Polo mint campus

2nd June 2000 at 01:00
All periphery and no centre - the University of the Highlands and Islands eagerly awaits official recognition. Huw Richards charts the development of an imaginative initiative bringing opportunity to a remote area

Scotland's highlands and islands have waited more than 300 years for their own university. There was a serious proposal for one at Cromarty in the seventeenth century. More recently, in the Sixties, Inverness lost out to Stirling in the race to host a new Scottish university.

Exactly when its wait will be ended with the official designation of the University of the Highlands and Islands (UHI) is not yet clear. A formal bid went into the Scottish Office (now the Scottish Executive) at the end of 1998. The chief executive, Brian Duffield, is hopeful it will be formally recognised before the end of this year.

It will crown almost a decade of development work following a report by Sir Graham Hills, formerly principal of Strathclyde University, which was hampered by a lack of commitment from Scotland's political masters.

The environment changed in 1996 with a speech by Michael Forsyth, then Secretary of State for Scotland, seeking the means of preventing the immolation of the Conservatives before the imminent general election. Today the main voices of scepticism have come from unions concerned that the university's unique partnership structure - based on 13 colleges from Perth in the south to Shetland - threatens the further education mission in the region.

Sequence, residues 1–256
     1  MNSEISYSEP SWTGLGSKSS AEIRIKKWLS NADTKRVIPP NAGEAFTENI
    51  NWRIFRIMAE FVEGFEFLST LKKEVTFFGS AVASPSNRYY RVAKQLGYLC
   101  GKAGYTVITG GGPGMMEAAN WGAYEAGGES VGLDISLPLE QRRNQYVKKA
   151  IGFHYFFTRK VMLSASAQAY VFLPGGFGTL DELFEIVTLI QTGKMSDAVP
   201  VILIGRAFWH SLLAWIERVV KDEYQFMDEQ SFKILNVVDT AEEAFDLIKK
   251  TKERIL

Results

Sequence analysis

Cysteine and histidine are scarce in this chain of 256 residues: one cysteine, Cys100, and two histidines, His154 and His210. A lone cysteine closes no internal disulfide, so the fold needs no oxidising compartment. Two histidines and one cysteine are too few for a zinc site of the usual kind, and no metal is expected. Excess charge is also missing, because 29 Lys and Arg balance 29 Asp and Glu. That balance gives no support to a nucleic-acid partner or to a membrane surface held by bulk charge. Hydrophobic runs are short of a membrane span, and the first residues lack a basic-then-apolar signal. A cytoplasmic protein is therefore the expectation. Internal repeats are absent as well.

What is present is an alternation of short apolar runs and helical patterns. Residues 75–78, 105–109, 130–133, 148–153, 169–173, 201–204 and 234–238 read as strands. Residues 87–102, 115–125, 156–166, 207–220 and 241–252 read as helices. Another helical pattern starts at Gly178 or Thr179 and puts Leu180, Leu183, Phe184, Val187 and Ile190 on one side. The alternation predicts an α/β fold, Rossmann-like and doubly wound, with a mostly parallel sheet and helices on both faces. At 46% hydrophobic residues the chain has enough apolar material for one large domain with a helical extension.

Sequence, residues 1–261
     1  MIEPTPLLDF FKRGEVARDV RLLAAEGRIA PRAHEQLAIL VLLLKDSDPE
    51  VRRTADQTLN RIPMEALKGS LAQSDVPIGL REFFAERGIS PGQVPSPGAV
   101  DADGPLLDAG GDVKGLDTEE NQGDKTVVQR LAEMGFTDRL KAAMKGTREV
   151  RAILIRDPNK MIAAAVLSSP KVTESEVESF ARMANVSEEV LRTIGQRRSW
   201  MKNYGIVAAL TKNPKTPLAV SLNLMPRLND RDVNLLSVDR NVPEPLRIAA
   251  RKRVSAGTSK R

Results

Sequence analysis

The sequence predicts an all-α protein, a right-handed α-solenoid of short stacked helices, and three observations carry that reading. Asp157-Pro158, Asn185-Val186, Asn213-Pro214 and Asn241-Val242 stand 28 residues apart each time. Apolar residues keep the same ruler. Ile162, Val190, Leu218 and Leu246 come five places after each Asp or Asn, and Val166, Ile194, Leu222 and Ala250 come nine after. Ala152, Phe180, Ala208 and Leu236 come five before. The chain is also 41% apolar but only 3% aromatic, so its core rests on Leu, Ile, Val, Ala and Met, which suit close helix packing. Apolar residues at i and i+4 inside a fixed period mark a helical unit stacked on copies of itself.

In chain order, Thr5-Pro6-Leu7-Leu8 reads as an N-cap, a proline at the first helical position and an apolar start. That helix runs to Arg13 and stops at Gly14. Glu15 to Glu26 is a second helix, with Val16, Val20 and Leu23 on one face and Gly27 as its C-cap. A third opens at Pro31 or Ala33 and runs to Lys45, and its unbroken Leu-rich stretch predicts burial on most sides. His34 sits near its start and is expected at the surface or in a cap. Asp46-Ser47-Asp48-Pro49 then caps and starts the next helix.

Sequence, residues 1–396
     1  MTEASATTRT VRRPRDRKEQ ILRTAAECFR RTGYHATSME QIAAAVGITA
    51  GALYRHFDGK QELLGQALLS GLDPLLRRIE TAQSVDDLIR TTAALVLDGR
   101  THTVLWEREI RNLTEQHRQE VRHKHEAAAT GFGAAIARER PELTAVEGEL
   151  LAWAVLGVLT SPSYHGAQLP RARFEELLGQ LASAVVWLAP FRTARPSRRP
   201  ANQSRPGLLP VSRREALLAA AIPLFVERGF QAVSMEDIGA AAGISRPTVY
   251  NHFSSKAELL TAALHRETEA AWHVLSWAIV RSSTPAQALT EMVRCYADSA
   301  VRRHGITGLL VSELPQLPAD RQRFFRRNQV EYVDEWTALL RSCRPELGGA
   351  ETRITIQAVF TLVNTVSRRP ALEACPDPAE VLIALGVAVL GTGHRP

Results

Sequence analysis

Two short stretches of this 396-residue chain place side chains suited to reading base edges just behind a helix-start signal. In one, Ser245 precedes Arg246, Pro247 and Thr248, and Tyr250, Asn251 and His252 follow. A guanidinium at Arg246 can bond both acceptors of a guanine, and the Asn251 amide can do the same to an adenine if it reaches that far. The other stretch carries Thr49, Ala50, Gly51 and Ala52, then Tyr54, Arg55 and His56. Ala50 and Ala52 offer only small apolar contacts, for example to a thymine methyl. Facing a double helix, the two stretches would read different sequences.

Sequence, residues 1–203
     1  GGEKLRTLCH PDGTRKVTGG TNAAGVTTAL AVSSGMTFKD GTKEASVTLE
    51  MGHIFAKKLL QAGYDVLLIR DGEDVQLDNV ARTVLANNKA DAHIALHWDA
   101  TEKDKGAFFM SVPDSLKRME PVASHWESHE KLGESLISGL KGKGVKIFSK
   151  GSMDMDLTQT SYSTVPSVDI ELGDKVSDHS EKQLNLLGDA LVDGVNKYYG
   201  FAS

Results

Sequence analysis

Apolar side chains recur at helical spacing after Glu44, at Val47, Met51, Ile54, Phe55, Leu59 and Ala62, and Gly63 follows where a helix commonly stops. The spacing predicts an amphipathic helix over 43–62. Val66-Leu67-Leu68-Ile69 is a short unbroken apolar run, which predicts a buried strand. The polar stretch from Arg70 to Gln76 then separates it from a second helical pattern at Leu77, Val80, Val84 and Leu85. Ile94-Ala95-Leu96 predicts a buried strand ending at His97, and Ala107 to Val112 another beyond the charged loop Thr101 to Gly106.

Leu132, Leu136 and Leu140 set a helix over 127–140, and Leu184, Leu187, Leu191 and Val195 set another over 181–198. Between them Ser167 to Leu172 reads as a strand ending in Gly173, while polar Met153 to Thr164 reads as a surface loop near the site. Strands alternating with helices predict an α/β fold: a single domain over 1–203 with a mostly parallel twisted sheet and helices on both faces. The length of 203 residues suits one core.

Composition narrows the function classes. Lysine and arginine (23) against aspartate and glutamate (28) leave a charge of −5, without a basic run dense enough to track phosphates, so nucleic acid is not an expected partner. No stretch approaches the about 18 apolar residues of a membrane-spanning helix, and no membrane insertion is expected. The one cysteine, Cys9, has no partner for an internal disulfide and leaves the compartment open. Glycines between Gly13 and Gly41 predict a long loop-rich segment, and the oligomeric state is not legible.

Mike Webster, principal of Perth College and deputy chief executive of the UHI, compares its structure to a polo mint: "All periphery and no centre." The headquarters is in Inverness, housed in buildings older and far less imposing than many colleges have acquired since the Millennium Commission made the project a pound;33.4 million grant back in 1997.

Today there are around 5,800 students - 2,500 full-time and 3,300 part-time - equivalent to 3,600 full-time. One criterion for university recognition is 4,000 full-timers, but Mr Duffield points out: "That is not the main issue. We are already as large as Abertay (university in Dundee) and considerably larger than Queen Margaret (university college in Edinburgh)."

Numbers dropped marginally this year, as they did across Scotland in the wake of tuition fees, but Mr Duffield is confident of growth towards the target of 4,000 full and 4,000 part-timers by 2003-4 once the Cubie proposals on student finance are implemented.